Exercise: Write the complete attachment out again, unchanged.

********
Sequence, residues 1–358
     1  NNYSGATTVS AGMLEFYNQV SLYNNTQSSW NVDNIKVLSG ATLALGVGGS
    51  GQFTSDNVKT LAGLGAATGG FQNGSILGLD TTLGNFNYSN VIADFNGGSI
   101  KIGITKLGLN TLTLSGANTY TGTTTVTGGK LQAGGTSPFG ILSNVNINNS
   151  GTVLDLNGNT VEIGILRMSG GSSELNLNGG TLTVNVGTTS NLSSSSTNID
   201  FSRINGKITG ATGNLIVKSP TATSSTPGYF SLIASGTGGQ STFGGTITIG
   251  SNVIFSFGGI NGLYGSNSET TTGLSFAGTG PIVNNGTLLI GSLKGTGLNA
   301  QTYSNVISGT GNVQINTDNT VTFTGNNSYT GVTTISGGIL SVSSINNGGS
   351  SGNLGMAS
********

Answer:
Sequence, residues 1–358
     1  NNYSGATTVS AGMLEFYNQV SLYNNTQSSW NVDNIKVLSG ATLALGVGGS
    51  GQFTSDNVKT LAGLGAATGG FQNGSILGLD TTLGNFNYSN VIADFNGGSI
   101  KIGITKLGLN TLTLSGANTY TGTTTVTGGK LQAGGTSPFG ILSNVNINNS
   151  GTVLDLNGNT VEIGILRMSG GSSELNLNGG TLTVNVGTTS NLSSSSTNID
   201  FSRINGKITG ATGNLIVKSP TATSSTPGYF SLIASGTGGQ STFGGTITIG
   251  SNVIFSFGGI NGLYGSNSET TTGLSFAGTG PIVNNGTLLI GSLKGTGLNA
   301  QTYSNVISGT GNVQINTDNT VTFTGNNSYT GVTTISGGIL SVSSINNGGS
   351  SGNLGMAS